Likewise, one can analyze Antifa without cheering for them as openly as Dartmouth prof Mark Bray does in his volume Antifa: The Anti-Fascist Handbook (causing his Dartmouth higher-ups to take the rare step of gently publicly distancing themselves from the book). It is not to be confused with either The Anarchist Handbook or Anti-Fascism Reader, both noted above.

One must expect angry leftist books to arise as long as the capitalist system makes mistakes—mistakes like New York’s Gov. Cuomo earning $5 million for his self-congratulatory book on (mis)managing the COVID crisis here.

For that matter, the well-meaning but two-decades-early proclamation that we were nearing Dow 36,000 looks likely to remain a mistake for perhaps a few months yet.

I thus can’t fully blame Mike “Rortybomb” Konczal for thinking that America’s noblest struggle is the centuries-long fight for Freedom from the Market. I can blame him for unfollowing me twice on Twitter and for angrily insisting when I argued with him in a bar that I should have the names of several dispute resolution firms memorized if I want anarcho-capitalist systems to replace government in the real world. Regardless, I concede that in a messy world, some good things will be bundled up with nominally anti-capitalist projects, and if I don’t find time to cheerlead for them, Konczal is here to do so.

You’re bound to find his book hipper and more entertaining than Amy Klobuchar’s bafflingly big-selling book on antitrust policy, Antitrust. Did some vast industrial combine have a hand in vacuuming up all those copies, or is it just another example of how the ultimate monopoly, government, gives people outsize influence?

Speaking of outsize influence, I’m not sure I agree with Eric Alterman’s premise in Lying in State that Donald Trump’s presidential lies were among the most horrific and damaging in the history of U.S. politics, but regardless I give Alterman points for writing a book’s worth of evidence that presidents across history lie and lie and lie. If you don’t believe that, or even if you do, maybe you should read the book. Alterman released it just days before he got a 12-hour ban from Twitter for saying it’s time for Newsweek to “die,” which the mindless algorithms presumably saw as a violent threat—arguably a piece of evidence in favor of Klobuchar’s anti-monopoly views after all, if she, Alterman, Konczal, and Trump are tempted to join forces against Big Tech.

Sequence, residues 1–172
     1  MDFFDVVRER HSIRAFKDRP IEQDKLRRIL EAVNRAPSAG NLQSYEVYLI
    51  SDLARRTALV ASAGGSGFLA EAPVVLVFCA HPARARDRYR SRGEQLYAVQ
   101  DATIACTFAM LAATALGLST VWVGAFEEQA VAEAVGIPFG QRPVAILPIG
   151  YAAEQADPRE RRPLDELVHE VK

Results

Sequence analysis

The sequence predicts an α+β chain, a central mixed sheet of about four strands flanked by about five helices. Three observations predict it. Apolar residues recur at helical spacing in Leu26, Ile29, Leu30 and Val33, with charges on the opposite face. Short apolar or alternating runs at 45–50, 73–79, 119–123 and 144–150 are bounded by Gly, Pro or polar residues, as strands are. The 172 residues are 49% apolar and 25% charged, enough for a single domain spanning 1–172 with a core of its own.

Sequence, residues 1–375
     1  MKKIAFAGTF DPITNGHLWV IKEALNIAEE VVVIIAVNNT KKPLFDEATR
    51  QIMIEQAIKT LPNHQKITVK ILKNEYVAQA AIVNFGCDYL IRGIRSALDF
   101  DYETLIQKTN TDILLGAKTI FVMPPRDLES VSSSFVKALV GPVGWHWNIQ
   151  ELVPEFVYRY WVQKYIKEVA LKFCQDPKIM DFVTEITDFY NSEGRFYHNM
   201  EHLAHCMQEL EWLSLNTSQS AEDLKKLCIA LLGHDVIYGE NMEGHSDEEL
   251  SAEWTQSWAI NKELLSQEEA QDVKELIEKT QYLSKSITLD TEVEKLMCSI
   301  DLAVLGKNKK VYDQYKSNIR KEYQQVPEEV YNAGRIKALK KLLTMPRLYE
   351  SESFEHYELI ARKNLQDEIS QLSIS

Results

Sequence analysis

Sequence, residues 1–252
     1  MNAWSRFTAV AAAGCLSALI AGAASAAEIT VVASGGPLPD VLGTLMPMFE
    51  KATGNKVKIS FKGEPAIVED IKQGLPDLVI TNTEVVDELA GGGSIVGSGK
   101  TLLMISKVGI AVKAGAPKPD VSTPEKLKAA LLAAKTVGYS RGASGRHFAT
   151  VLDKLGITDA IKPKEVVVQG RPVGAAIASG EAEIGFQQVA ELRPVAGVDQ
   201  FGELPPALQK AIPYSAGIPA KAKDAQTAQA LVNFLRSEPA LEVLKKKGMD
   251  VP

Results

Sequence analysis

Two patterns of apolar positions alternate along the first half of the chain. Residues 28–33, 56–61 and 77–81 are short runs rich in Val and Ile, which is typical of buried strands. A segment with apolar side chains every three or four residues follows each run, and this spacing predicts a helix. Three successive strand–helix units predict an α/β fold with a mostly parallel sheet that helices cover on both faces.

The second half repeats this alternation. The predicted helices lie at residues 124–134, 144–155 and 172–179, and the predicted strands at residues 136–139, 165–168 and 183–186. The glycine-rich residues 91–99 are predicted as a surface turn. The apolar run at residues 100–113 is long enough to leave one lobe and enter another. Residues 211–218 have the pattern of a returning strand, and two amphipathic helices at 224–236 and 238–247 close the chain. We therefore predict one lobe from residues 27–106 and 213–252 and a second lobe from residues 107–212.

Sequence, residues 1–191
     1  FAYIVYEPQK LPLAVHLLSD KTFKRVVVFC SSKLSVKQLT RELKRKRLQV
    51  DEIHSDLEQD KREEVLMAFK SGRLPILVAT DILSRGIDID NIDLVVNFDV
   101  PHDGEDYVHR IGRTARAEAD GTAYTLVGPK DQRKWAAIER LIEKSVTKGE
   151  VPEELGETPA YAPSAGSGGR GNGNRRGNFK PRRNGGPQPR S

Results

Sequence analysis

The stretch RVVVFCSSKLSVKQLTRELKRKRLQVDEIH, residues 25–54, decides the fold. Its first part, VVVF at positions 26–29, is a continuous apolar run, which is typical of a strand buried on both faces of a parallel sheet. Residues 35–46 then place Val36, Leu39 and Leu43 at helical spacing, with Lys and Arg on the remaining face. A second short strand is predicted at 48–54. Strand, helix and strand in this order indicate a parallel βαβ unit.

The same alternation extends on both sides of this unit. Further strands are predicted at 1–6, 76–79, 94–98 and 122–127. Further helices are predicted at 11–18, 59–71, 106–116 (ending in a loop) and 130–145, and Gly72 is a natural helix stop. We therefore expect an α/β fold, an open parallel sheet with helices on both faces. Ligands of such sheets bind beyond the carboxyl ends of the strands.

So far, I mainly only get blocked on social media the old-fashioned, one-enemy-at-a-time way, and not that often, though I notice that I (like countless others, no doubt) was preemptively blocked by Kate Antonova, Russian studies prof at CUNY and author of Essential Guide to Writing History Essays (for nearly 100 bucks, if you’re in the market for another textbook). I know I’m not the only person she considers unworthy of reading, though, since she famously tweeted last year that “No one should ever publish Andrew Sullivan, David Brooks, Matt Taibbi, Matt Yglesias, Steven Pinker, or Niall Ferguson ever again. Not to ‘cancel’ them but because they have nothing of value to add and never have. They produce vapid, superficial, baseless clickbait.” She was enraged they co-signed that Harper’s letter opposing censorship. I’m sure her tweet set their minds at ease about censorious impulses on the left and makes them eager to take the writing advice in her book.

She inadvertently reminds me that one reason I’ve usually managed to get along with right-wingers and religious people over the years is that even when they’re trying to exorcise demons, as in the cases recounted in Billy Hallowell’s Playing with Fire, they don’t sound quite as angry and earth-salting as leftists do these days. That doesn’t mean that there’s anything going on in so-called exorcisms—ever, to the best of my knowledge—that couldn’t be explained by garden-variety frothing-at-the-mouth insanity or a bit of hoaxing, so I’m not giving traditional beliefs a pass any more than I am the other yahoo notions described above, but I trust the anti-demon activists mean well. I’m sure almost everyone with whom we’re trapped in this combative, plague-ravaged world means well, for all the good knowing that does us.


Todd Seavey is the author of Libertarianism for Beginners and is on Twitter at @ToddSeavey